Due to several factors, humanity hasn’t had a new birth in almost two decades. Added to this is the fact that many—if not most—children died from disease just before the shortage of births. These problems have put the whole world on edge, and for a good reason. Many individuals, like Theo Faron (Clive Owen), have become cynical, merely waiting for their inevitable deaths and the end of civilization. In exchange for a lot of money, Theo agrees to escort a refugee to safety since the United Kingdom is violently strict when it comes to immigrants. The refugee, Kee (Clare-Hope Ashitey) reveals to Theo that she is pregnant with the world’s first baby in 18 years. Such a fantastic event is unexpected by all involved, but it leads to a battle to gain control of the child for political purposes. Can Kee escape to safety with her baby?

Year: 2007
Rating: R
Length: 96 minutes / 1.6 hours

While an unexpected pregnancy can be a plot twist in dramas like Gone Girl (2014), it seems to be a common trope of the comedy genre. When characters have to scramble to figure out how they’re going to handle a baby, comedy ensues. Movies like Knocked Up (2007) and Waitress (2007) focus on the relationships that give birth to these unexpected pregnancies, and what happens to the relationships after this defining event. One night stands and loveless marriages are quite different situations than the oft-demeaned teenage pregnancy. Part of the reason for this is due to the emotional maturity of the parties involved. Teenagers usually don’t have any idea what they want to do with their lives, so being tied down to a newborn and being required to raise it for the next 18 years is a scary and unsettling proposition, especially when these teenagers aren’t even 18 themselves.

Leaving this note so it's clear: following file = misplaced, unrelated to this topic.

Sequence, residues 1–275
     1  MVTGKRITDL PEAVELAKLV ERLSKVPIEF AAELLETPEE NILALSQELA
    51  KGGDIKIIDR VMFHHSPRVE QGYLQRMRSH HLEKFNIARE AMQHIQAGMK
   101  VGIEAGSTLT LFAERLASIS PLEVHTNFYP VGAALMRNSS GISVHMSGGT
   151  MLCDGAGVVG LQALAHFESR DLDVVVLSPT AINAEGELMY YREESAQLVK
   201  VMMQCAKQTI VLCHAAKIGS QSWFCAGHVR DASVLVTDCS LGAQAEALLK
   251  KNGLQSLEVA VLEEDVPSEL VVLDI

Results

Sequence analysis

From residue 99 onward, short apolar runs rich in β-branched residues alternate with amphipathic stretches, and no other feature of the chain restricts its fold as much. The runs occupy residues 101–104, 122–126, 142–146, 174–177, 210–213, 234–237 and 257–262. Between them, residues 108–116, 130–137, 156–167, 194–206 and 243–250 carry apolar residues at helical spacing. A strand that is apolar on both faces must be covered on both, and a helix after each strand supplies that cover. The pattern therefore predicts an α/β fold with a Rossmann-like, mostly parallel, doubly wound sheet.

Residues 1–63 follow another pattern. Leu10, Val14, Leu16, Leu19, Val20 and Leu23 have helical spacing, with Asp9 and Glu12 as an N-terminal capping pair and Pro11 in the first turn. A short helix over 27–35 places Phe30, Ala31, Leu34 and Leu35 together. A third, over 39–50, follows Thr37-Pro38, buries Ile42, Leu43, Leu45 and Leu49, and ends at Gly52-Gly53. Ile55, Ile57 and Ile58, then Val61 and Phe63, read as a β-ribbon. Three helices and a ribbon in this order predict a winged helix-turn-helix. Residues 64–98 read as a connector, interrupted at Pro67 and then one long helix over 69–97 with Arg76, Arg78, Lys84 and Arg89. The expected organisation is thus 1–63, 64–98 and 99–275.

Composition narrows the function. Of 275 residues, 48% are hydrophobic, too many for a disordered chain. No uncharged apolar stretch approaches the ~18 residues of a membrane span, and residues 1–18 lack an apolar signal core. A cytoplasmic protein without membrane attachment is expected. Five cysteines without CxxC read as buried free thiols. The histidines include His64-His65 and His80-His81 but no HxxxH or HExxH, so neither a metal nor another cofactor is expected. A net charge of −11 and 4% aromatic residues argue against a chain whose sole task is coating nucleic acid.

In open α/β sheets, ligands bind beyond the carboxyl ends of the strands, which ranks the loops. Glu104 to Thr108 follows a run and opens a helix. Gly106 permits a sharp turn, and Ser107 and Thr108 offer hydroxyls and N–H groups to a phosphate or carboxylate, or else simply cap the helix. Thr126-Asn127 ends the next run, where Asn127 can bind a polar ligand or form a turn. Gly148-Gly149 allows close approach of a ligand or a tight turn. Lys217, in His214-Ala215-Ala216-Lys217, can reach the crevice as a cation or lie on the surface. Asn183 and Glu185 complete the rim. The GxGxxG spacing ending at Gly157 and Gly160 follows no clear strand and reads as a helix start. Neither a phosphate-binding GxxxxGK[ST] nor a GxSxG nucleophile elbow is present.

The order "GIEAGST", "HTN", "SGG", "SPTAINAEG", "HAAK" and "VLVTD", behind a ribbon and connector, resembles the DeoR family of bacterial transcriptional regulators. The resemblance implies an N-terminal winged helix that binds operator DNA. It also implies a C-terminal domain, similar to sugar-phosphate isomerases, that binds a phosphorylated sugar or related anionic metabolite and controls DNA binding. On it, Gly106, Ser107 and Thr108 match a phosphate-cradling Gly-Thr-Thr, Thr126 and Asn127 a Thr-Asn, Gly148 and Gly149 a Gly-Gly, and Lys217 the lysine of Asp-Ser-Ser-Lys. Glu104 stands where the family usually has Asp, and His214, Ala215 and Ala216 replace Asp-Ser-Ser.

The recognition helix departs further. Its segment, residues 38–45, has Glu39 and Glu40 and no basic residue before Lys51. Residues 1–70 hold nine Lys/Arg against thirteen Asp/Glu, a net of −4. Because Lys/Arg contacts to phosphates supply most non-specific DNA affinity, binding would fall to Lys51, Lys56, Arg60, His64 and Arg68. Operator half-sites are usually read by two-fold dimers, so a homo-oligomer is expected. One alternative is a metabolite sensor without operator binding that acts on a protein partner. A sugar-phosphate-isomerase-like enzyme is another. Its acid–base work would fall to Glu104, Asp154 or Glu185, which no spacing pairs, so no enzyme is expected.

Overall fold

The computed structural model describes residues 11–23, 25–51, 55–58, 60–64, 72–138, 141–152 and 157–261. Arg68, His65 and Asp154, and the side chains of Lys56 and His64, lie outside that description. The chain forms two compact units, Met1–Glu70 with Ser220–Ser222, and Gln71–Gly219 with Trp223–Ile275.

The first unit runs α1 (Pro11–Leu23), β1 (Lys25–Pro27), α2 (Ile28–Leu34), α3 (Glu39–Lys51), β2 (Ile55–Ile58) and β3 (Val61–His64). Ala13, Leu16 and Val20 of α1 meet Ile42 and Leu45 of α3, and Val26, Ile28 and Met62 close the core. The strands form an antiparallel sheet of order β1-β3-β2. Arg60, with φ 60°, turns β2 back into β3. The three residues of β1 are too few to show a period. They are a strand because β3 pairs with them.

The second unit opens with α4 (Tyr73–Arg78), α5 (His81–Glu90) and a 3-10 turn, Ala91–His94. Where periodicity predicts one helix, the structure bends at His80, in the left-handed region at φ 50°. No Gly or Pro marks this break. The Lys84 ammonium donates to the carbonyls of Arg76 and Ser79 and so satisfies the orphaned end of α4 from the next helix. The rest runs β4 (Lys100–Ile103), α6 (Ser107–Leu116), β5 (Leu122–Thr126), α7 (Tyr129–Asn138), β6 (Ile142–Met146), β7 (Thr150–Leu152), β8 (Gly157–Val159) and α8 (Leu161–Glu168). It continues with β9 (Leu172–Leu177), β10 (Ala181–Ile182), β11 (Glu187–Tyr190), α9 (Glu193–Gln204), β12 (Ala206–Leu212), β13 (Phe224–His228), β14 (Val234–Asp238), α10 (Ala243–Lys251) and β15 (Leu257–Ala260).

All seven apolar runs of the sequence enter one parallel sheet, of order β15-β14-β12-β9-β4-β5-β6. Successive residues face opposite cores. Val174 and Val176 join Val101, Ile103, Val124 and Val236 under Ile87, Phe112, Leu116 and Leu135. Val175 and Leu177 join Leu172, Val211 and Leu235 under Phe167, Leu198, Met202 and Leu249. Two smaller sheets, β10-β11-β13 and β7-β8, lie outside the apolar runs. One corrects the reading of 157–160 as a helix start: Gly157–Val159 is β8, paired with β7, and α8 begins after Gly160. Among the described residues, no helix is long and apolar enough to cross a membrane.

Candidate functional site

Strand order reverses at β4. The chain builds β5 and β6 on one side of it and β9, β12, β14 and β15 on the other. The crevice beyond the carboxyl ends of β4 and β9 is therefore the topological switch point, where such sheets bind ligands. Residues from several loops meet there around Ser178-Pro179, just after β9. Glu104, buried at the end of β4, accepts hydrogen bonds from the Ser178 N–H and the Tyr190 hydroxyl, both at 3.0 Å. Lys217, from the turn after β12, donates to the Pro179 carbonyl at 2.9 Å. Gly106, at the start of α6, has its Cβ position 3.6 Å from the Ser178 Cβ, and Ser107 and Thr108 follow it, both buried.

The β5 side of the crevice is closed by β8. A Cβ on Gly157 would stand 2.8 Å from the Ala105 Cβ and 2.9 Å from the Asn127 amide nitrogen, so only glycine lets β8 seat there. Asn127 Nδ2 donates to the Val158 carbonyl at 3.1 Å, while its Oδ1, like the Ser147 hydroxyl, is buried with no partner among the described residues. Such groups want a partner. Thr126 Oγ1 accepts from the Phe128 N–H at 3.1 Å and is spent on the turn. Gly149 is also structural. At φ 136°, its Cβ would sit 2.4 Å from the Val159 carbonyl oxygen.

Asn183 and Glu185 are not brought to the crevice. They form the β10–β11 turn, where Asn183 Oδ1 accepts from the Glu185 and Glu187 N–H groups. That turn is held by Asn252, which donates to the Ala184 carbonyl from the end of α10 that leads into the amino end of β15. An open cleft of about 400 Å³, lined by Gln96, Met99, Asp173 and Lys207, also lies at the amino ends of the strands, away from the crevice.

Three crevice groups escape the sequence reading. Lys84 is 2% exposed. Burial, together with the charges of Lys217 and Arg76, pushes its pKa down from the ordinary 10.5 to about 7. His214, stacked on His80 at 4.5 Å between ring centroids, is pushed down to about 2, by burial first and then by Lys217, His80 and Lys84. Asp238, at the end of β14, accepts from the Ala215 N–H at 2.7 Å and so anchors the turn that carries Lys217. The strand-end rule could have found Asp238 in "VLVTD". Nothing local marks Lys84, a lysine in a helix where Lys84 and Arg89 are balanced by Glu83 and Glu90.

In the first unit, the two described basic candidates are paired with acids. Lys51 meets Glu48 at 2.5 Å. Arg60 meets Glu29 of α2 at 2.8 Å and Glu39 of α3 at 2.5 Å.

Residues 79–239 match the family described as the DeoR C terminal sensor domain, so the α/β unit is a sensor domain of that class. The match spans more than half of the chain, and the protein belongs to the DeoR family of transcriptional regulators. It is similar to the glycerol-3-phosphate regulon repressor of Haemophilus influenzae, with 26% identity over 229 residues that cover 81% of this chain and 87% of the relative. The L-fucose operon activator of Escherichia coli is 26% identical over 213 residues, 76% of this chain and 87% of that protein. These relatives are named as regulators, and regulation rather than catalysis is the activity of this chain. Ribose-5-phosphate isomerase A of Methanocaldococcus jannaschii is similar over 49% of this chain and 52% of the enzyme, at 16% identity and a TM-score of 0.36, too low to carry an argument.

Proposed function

The titular Juno MacGuff (Ellen Page) is surprised to learn she is pregnant. As a 16-year-old, she should be learning how to drive, but now must make a difficult decision that could affect her entire life. Her initial reaction is to get an abortion, but she changes her mind and opts for adoption instead. With her parents’ support, Juno meets with a couple who want to adopt her baby and immediately bonds with them. Meanwhile, Juno finds herself conflicted in regards to the child’s father, Paulie Bleeker (Michael Cera). She knows he adores her, but the stigma of being a pregnant teenager is one of the forces that causes her to push him away. While Juno and Paulie’s relationship breaks down, the married couple suddenly gets a divorce as well, forcing Juno to make a tough decision for her baby. Will she keep the child and raise it herself, or give it to one of the adoptive parents?

2 sum it up: 2 films, 2 unprepared parents

#385. Long Takes